Most scientists support the biotic theory of oil production for a number of reasons. In response to the evidence for the abiotic theory, they say the following.
First, refilling of wells can be explained by two phenomena. One, our ability to extract oil from more difficult environments is constantly increasing. As a result, wells that were once “tapped out” can now be reopened and produce again using new technology. Two, because oil moves and is of different densities, it is true that pumping oil from a well may relieve pressure, which then allows oil trapped in cracks, faults, and other pockets to enter the well over time.
The second reason many scientists doubt the abiotic theory is that its basic tenets don’t seem to be viable. Namely, the idea that rocks at great depth are porous is the opposite of what research shows. Of course, proponents of the theory point to the fact that magma manages to escape, so why not petroleum.
The third and most substantial reason for discounting the abiotic theory is that the chemistry doesn’t add up. First, there doesn’t seem to be enough CO2 below the surface of the Earth to make the formation of oil possible. In scientific terms, the mass balance of the equation is errant. More importantly, however, is the distinct isotopic and biochemical structure of oil, which strongly support and organic origin. For example, helium that is trapped with hydrocarbon deposits (and is an inert gas so it does not react with anything), is of a specific character that means it almost certainly came from the surface of the Earth and not anywhere else.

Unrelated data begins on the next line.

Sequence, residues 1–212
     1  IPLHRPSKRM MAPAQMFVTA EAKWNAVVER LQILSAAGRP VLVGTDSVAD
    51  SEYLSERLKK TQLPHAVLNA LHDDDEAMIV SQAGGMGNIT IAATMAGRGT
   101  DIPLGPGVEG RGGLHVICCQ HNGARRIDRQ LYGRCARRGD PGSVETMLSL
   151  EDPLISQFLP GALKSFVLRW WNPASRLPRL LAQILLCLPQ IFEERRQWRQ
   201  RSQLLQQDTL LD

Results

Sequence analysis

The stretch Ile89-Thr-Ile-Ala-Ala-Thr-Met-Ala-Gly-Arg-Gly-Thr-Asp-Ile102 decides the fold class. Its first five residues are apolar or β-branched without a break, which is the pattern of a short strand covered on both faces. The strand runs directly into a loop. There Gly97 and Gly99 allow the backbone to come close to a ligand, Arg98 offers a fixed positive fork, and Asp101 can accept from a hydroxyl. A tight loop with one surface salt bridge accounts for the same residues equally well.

What is clear is that these issues require more research and, given the importance of oil to our energy needs, many prestigious institutions are working to solve the dilemma. In the United States, scientists from the Woods Hole Oceanographic Institute are attempting to determine just how deep oil deposits can be found. The deeper they are, the less likely it is that they came from biotic origin.
The other possibility here is the both groups are right. Oil may form through both processes. If so, then oil may not be as limited a resource as we currently surmise.
Like many issues, politics play a major role in the abiotic versus biotic oil formation argument. Until recent decades, the main argument propelling each was the supposedly limited supply of fossil fuel available. For those pumping it from the ground, limiting supply has financial gain. For politicians, a limited supply can be used to control people and as justification for actions like war. An unlimited supply, on the other hand, means that we need not worry about running out, that we ought to be able to drill for more oil and increase the daily supply so as to decrease price, and so forth.
The arguments above, however, have been pushed aside in recent years by fears that global warming is directly attributable to carbon dioxide produced by burning hydrocarbons. If this is true, it doesn’t matter if oil is limited or not because using it is causing immense damage.
In the end, science will settle the debate, but what science gets funded is directly related to which politicians are in power and who is footing the bill. At some point we will know the definitive answers to questions about the origin of oil and to questions about the impact of CO2 on the environment.